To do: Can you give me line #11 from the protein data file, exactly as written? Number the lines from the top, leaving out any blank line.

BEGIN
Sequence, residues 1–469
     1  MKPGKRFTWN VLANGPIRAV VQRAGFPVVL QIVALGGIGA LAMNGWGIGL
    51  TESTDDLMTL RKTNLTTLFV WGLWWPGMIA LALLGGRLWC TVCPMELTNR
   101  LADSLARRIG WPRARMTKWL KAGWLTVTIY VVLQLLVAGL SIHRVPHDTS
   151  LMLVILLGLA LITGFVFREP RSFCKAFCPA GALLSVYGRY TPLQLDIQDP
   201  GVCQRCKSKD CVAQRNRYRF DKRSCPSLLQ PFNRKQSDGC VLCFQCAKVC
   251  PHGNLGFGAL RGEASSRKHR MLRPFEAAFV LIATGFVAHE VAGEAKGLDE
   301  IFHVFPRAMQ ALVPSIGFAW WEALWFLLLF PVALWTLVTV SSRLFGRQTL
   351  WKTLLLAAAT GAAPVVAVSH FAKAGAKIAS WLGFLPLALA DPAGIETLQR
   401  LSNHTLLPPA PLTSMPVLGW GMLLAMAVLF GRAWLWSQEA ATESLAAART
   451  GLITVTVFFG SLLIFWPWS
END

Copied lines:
   451  GLITVTVFFG SLLIFWPWS